Over the years, there have been at least half a dozen moments when I had conversations with Caribbean people all over the city who told me to come to Ripe Kitchen and Bar. People in Westchester County storage units, bars in the Bronx, and even randomly in Brooklyn spoke of it as the city's gold standard for Caribbean food. It has remained on my list of places, attaining somewhat mythical status during this time. Hearing of the backyard, I always wanted to bring a group here and enjoy the outdoor space, but getting friends up to the last station in Wakefield and then still needing a dollar van ride or a long walk to arrive is somewhat difficult.
Finally in the past two months I have come here twice, although not with big groups as desired. The first time was before the beginning of Copa America, hoping the spot would be all fired up for games of the Reggae Boys, Jamaica's national team. Unfortunately the TV in the small bar area here is forever turned to a general interest Caribbean channel that no one pays attention to, the crowd finely tuned in for just the food and drinks. I hung around, had a couple of Guinness bottles while watching people down glasses of their famous house made rum punch, and eventually had the jerk steak quesadilla ($8.95, not pictured), the only dish I could think about eating standing up.
That appetizer big enough to be a main was not amazing and seemed a bit out of place for sure, but it was tasty and I enjoyed spending more time to people watch. The place was almost heaving with people revelling in happy hour and coming for dinner. I could not wait to come back, sit down, and have a proper meal.
If you do come, it is much more likely that a table is available inside and there is a wait for the patio. Take a drink at the bar if you can find space, and put your name on the waitlist, as the interior of the place is much less appealing as the lovely backyard.
Come here in a relaxed mood, maybe as if you were in the Caribbean already. The service can be a bit like it might be on one of the islands, always friendly but even more relaxed than your mood at times. With time, meals here are perfect, without it you may be frustrated.
The cocktail list has an assortment of interesting drinks, including the classic mojito ($9, above), which comes garnished with plenty of fruit and a thick wedge of sugar cane. As mentioned earlier, most of those around you will be enjoying the pink rum punch, and will recommend it to you at every opportunity.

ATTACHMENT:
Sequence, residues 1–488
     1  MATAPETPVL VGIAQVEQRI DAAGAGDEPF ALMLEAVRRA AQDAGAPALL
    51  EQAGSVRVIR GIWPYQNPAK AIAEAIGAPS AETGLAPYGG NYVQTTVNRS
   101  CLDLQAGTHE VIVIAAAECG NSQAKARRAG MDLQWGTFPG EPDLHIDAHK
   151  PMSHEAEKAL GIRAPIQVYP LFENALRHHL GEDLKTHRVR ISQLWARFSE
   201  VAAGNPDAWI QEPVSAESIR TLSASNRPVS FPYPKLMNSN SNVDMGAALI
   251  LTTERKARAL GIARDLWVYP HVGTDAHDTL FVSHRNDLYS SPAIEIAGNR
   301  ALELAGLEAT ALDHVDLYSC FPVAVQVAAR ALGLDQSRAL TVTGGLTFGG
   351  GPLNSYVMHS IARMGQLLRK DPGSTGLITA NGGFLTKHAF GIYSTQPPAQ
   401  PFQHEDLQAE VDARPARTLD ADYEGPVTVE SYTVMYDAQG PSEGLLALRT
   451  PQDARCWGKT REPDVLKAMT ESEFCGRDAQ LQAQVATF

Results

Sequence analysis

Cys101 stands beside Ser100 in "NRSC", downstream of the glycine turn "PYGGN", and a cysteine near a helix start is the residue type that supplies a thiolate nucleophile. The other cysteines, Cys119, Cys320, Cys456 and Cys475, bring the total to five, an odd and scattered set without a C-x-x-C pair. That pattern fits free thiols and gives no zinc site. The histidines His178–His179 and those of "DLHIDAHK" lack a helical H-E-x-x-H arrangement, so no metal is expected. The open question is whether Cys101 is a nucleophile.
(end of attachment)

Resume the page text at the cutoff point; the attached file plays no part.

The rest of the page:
We got into a conversation with the couple next to us halfway through our meal when the verbose woman said something that made everyone around giggle. She eventually recommended her plate, Ripe's "Big-Ass" Jerk Rib-Eye Steak ($22.95, not pictured), apparently the reason so many people come here due to its inclusion on some food show.
For a first proper meal at Ripe, we could not turn down Ripe's original "backyard" jerk chicken ($8.30 for 1/4 chicken, above), served with choice of white rice or rice and beans. It is good, and the jerk sauce it comes with would be great on anything. They cook their jerk here with less char and crisp than you usually see, letting the marinade and bird speak louder.
The Kingston curried goat ($12.95, below) comes with a warning that it is served "just like it would be in Jamaica" which just means it still is attached to the bones. I do not remember ever eating curry goat off the bone, so this warning (let's call it a diss) seems aimed at crowds more used to meals at McDonald's rather than Jamaicans. The curry itself is warm and rich and feels so real somehow. It was the highlight of our two plate meal for sure, and I could not imagine coming back and not having it again.
Outside on the patio is also a big jerk smoker and bar that was not in use on a Tuesday night. On weekends, the afternoon and evening parties here must be really lively, with the wonderful smells that come from the kitchen and grill and the rum punch flowing.
Ripe Kitchen and Bar is actually in Mount Vernon, a couple blocks north of the Bronx, but I have included it in both categories because it seems to belong to both places. New York City travelers can reach the restaurant by taking the 2 train to Wakefield or Nereid and walking 20 minutes or so, or getting off at 233rd Street and catching the dollar van that runs up Edenwald Avenue.